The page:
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Court rules Facebook could be held liable for sex trafficking after teen victims sue social network
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Court rules Facebook could be held liable for sex trafficking after teen victims sue social network

The highest court in Texas has ruled that Facebook can be held liable for sex trafficking that is conducted on its social network. The court ruling against the tech giant arrives after sex trafficking teenage victims allege they were targeted on Facebook.

Facebook's legal team argued that the social network was protected against liability due to Section 230 of the Communications Decency Act, which "protects websites from lawsuits if a user posts something illegal, although there are exceptions for copyright violations, sex work-related material, and violations of federal criminal law," according to The Verge.

However, the Texas Supreme Court ruled on Friday that Facebook is not a "lawless no-man's-land," and could be held liable for sex trafficking.

The majority wrote, "We do not understand section 230 to 'create a lawless no-man's-land on the Internet' in which states are powerless to impose liability on websites that knowingly or intentionally participate in the evil of online human trafficking."

"Holding internet platforms accountable for the words or actions of their users is one thing, and the federal precedent uniformly dictates that section 230 does not allow it," the opinion said, according to the Houston Chronicle. "Holding internet platforms accountable for their own misdeeds is quite another thing. This is particularly the case for human trafficking."

The court ruling arrived following three Texas-based lawsuits that were brought against Facebook, which alleged the social media platform enabled sex traffickers to target minors. The victims from Houston were ages 13, 14, and 16 when they were preyed upon by sex traffickers through Facebook apps. The lawsuit alleged that the California-based tech behemoth was negligent in not protecting minors from sex traffickers on the social media website.

Pimps allegedly enticed sex trafficking victims with "false promises of love and a better future," including lies of modeling jobs that didn't exist.

"One of the cases, involving a 14-year-old from Spring, recounts how the girl was recruited, groomed and sold in 2018 by a man she met on Instagram," the Houston Chronicle reported in April. "The trafficker beat her and sold her for commercial sex for three weeks. McAdams said the child has undergone intensive therapy in the years since."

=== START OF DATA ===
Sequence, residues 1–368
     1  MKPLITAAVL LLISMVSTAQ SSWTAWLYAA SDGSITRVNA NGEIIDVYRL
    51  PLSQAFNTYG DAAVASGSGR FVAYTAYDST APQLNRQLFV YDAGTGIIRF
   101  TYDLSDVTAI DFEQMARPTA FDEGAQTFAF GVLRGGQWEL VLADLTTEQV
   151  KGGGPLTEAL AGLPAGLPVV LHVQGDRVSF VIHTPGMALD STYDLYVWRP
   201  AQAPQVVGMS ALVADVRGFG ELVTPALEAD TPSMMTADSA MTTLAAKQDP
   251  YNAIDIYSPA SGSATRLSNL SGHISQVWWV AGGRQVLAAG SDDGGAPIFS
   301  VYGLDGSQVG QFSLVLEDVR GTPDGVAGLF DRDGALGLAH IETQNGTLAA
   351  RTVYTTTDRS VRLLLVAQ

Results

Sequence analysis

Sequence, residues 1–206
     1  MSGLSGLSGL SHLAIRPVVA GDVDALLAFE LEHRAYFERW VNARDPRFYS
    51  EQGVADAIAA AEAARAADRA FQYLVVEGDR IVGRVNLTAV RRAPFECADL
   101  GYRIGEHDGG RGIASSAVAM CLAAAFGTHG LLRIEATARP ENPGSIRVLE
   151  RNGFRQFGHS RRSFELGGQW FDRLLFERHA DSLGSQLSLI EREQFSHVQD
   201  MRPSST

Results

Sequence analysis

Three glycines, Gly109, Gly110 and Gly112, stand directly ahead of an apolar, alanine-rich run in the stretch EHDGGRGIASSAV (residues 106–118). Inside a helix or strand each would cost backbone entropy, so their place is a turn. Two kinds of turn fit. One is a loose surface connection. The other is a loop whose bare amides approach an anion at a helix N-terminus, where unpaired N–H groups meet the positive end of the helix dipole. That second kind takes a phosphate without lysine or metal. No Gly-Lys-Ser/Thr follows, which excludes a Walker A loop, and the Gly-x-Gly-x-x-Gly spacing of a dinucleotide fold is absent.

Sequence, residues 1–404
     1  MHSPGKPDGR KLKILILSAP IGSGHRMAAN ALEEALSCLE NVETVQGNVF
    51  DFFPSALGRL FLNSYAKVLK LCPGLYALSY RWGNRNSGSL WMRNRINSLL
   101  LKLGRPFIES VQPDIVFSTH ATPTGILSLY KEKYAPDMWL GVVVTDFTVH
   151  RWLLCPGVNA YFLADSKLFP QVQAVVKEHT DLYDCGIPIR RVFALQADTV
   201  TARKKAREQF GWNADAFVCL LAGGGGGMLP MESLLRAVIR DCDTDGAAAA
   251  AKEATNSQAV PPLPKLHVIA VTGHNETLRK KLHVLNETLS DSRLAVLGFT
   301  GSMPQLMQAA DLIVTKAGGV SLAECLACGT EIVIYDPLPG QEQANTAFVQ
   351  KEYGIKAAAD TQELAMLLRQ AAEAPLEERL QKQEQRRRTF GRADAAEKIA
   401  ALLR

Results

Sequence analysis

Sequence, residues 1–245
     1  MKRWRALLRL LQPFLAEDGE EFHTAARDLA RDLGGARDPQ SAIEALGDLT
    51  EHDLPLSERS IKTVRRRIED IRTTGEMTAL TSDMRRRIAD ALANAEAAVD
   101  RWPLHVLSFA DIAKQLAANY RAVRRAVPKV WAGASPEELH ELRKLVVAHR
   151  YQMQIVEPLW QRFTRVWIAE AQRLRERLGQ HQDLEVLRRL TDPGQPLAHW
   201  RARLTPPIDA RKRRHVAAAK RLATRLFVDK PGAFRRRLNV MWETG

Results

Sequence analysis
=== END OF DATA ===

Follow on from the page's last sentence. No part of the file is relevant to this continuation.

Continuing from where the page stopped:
Annie McAdams, a lead attorney for the plaintiffs, said the decision against Facebook was unprecedented.

"Our clients have fought for over two years for the chance to bring their case," McAdams said. "While we have a long road ahead, we are grateful that the Texas Supreme Court will allow these courageous trafficking survivors to have their day in court against Facebook."

"With the help of Chapter 98 protection, we believe trafficking survivors in Texas can expose and hold accountable businesses such as Facebook that benefit from these crimes of exploitation," McAdams added.

Chapter 98 of the Texas Civil Practice and Remedies Code states, "A defendant who engages in the trafficking of persons or who intentionally or knowingly benefits from participating in a venture that traffics another person is liable to the person trafficked, as provided by this chapter, for damages arising from the trafficking of that person by the defendant or venture."

A Facebook spokesperson told Fox Business, "We're reviewing the decision and considering potential next steps. Sex trafficking is abhorrent and not allowed on Facebook. We will continue our fight against the spread of this content and the predators who engage in it."

A 2020 report by the Human Trafficking Institute found that Facebook was the most common website used for sex trafficking.

"In 2020, 59% of online victim recruitment in active sex trafficking cases occurred on Facebook, making it by far the most frequently referenced website or app in public sources connected with these prosecutions, which was also true in 2019," the report said. "Surprisingly, despite Facebook's reputation as a less popular platform among teenagers, it was a more common platform for recruiting child victims than adult victims in 2020 active sex trafficking cases. In fact, 65% of child victims recruited on social media were recruited through Facebook compared to just 36% of adults."

Earlier this month, 34 women launched a lawsuit against Pornhub, claiming the adult site is running a "criminal enterprise" that is knowingly profiting off videos involving sex trafficking, rape, and child porn.

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